Three common issues that derail triathletes in racing—and how to correct them.
In the middle of the racing season, your endurance and lactate threshold values are often on target or well on the way to new heights. But it isn’t until this time of the year, when you have a few races under your belt, that you can truly examine your race-day performances and look for the problems that can’t just be solved by improved physiology.
Mid-season corrections are detail-oriented fixes you can make without widespread changes to your training schedule. Many times they are technique- or drill-based solutions—subtle changes that may not impact your fitness much but can have tremendously positive impacts on race-day performance. Remember, in triathlon, it’s not just fitness that wins the day. You have to be fit and ready, but you also have to minimize waste: wasted energy, wasted time, wasted movement.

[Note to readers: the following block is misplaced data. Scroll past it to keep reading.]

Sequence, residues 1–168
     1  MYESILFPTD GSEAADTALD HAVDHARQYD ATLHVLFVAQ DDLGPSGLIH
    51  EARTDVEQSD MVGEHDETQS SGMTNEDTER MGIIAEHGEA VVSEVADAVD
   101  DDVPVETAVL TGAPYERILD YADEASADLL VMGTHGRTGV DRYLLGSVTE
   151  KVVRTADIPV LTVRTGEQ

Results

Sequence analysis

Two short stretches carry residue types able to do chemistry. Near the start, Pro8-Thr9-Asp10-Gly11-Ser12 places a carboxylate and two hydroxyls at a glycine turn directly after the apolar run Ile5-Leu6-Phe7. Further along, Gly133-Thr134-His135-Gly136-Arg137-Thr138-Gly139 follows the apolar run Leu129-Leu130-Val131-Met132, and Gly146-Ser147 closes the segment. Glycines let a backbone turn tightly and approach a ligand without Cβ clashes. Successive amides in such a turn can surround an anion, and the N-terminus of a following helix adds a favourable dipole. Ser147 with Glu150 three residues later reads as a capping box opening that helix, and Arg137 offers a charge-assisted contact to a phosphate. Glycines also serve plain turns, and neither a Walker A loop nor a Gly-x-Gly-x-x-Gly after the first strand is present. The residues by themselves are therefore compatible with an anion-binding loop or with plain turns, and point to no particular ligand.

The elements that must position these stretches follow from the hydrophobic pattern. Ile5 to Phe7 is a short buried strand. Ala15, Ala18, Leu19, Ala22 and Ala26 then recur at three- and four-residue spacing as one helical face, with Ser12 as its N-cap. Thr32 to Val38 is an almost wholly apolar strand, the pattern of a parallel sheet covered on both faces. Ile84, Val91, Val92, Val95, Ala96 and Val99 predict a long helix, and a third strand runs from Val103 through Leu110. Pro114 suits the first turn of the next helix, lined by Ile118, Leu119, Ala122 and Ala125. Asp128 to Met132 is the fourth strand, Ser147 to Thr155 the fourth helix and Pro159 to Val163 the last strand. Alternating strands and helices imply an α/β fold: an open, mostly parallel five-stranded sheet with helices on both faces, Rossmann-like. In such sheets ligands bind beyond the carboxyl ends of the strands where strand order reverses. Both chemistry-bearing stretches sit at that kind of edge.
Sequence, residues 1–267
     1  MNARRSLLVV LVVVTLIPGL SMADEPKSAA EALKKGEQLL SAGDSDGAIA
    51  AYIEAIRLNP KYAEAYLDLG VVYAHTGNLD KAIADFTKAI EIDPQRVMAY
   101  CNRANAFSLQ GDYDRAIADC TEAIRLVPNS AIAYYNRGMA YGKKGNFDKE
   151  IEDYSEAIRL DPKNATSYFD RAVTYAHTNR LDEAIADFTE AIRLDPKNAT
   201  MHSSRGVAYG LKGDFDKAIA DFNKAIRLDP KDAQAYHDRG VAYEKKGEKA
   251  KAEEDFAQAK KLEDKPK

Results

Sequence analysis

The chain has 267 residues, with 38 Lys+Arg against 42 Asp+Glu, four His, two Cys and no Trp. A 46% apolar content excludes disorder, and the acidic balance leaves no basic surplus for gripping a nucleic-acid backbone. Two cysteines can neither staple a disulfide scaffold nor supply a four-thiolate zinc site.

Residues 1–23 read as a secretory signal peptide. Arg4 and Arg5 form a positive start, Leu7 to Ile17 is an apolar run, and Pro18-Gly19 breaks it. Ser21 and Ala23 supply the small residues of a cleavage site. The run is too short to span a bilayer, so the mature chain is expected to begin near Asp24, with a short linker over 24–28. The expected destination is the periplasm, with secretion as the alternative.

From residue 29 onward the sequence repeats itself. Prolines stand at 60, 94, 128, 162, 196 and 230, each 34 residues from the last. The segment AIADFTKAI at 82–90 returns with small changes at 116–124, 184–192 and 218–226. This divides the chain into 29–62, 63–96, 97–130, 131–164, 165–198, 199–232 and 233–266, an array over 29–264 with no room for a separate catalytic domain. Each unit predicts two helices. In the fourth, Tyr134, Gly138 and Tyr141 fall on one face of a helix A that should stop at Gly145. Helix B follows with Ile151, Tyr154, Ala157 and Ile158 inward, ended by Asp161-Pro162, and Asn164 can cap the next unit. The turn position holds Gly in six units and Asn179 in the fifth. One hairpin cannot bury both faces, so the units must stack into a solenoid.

The issue: You fade dramatically after the first few miles of the run.
The fix: If you’re slowing dramatically after 2–3 miles it’s likely because your pace is too aggressive in the first mile out of T2. But rather than back off your opening mile pace, you can gain the fitness necessary to avoid the drop-off by doing more transition runs after your bike workouts. Some of these brick sessions should be training-focused: a bike workout with 15–30 minutes of accumulated time at lactate threshold power output, followed by a 10-minute running interval at your open 10K race pace. When your rides are longer (two-plus-hour endurance rides), try a 10–20-minute run at approximately 15–20 seconds per mile slower than your goal race pace.